The fact that Luxembourg is one of Europe’s most northerly wine regions is by no means a drawback, particularly for crémants which are produced with an emphasis on freshness. However, even here, winemakers are being forced to consider how to adapt to climate change.
Luxembourg’s soils and climate are ideal for making excellent fizz. So shouldn’t producers be placing even greater emphasis on terroir (following the example of the finest champagnes) to identify their top cuvées?
Crémant’s success can be gauged by the incredible degree to which it has become a staple part of life in the Grand Duchy. It is omnipresent and enjoyed for all occasions, proving a real hit at domestic level! In fact, it has become so popular that competitor products pose no real threat. However, significant effort is still required for it to penetrate foreign markets.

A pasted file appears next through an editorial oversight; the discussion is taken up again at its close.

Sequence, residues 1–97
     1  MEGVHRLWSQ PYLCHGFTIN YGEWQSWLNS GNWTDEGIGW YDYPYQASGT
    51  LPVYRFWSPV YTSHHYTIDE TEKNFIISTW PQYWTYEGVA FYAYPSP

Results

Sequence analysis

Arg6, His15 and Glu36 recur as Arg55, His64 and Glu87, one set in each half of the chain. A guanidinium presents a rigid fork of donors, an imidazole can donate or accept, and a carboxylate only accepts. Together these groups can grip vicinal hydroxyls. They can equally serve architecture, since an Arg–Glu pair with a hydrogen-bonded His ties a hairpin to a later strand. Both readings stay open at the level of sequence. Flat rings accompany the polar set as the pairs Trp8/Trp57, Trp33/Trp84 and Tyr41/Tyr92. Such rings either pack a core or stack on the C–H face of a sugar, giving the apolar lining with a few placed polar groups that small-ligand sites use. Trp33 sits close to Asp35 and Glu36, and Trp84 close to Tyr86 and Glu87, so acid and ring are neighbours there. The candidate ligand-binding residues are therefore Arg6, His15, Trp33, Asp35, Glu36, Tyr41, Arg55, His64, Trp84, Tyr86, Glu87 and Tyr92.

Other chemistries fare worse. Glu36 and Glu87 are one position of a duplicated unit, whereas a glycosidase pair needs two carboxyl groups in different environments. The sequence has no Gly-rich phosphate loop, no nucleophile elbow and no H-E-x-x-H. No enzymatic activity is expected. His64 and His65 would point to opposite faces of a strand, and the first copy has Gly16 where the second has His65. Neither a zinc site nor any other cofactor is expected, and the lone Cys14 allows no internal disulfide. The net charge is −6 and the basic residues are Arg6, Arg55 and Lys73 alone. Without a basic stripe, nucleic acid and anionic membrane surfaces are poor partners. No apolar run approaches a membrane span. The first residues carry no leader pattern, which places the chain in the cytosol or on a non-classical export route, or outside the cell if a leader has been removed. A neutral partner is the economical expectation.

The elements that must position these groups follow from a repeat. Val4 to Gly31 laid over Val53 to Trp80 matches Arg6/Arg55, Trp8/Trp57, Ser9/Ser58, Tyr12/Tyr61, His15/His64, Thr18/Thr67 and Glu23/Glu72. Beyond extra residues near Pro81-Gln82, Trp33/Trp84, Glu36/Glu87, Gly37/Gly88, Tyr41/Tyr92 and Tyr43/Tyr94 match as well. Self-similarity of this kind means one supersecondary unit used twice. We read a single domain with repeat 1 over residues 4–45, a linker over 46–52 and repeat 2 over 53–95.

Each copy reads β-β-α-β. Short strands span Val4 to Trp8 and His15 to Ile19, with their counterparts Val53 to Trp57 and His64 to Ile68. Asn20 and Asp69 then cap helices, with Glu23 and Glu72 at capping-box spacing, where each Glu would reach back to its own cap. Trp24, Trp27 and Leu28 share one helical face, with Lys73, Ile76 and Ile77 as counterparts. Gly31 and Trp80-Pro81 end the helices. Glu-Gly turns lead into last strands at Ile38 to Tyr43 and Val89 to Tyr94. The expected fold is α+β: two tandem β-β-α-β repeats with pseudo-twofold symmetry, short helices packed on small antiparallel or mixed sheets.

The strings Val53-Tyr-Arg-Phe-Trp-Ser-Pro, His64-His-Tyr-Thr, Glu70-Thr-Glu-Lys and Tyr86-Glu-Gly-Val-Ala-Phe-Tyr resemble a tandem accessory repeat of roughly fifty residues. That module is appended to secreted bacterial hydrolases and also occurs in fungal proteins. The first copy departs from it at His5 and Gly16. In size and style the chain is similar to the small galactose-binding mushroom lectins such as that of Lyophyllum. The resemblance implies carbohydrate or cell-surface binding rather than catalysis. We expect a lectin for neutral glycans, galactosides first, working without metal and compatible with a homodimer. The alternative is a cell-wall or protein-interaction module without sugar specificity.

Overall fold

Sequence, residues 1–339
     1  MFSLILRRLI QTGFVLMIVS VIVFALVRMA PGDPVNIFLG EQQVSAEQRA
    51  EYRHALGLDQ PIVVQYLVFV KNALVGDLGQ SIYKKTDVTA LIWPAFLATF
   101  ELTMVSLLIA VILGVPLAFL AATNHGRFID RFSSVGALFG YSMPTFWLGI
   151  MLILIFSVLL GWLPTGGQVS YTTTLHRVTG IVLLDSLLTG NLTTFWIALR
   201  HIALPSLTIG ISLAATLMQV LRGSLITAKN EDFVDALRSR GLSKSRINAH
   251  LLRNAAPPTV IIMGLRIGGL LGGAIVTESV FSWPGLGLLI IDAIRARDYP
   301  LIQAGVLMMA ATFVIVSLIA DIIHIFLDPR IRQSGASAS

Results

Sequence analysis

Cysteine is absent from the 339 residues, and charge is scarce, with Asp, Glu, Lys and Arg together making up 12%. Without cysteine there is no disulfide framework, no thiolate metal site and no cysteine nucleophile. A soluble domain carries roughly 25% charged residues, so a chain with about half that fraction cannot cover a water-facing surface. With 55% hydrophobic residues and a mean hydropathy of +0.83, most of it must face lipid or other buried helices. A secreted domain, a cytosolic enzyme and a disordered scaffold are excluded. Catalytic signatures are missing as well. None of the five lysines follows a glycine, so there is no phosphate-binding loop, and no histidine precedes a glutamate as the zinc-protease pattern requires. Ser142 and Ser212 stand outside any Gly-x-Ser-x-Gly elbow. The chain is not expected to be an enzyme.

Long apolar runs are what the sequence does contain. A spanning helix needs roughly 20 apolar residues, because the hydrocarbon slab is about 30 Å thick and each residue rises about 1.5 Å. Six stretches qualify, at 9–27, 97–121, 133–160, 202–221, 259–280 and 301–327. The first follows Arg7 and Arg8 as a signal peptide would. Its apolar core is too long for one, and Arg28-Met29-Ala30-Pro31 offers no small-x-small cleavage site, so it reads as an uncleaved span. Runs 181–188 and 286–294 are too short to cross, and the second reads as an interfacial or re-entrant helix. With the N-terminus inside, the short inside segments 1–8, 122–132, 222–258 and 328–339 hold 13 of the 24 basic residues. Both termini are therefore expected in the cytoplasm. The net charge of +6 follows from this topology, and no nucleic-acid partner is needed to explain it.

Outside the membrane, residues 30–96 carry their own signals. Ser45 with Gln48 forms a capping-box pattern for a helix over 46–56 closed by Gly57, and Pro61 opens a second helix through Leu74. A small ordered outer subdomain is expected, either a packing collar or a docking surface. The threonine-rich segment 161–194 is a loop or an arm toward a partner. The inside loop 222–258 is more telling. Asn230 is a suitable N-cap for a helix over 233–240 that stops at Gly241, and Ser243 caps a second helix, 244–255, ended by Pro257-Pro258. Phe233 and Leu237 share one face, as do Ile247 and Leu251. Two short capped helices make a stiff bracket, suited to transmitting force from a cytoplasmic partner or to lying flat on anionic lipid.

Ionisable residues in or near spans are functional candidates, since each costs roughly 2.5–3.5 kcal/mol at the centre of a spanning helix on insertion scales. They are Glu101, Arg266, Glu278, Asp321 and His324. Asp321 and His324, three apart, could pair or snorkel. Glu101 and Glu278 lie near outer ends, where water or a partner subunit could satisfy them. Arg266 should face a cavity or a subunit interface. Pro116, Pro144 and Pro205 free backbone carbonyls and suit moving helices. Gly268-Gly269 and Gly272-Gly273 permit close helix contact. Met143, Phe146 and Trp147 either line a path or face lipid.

Within the space of three decades, Crémant de Luxembourg has forged itself a strong identity and established itself as one of the most outstanding symbols of the “Made in Luxembourg” brand. Josy Gloden (Vinsmoselle Chairman), Antoine Clasen (CEO of Bernard-Massard), Aender Mehlen (Wine Inspector at the Luxembourg Wine Institute), Lisa Vesque (Winemaker at the Cep d’Or Wine Estate), André Klein (Sales Director at the Alice-Hartmann Wine Estate), Arnaud Vaingre (Wine Merchant at Vinoteca in Luxembourg City), Niels Toase (Lecturer and President of the Luxembourg Sommeliers Association) and Olivier Sohler (Alsatian Winemaker and Director of the French National Federation of Manufacturers and Mixers of Crémant) discuss this phenomenon.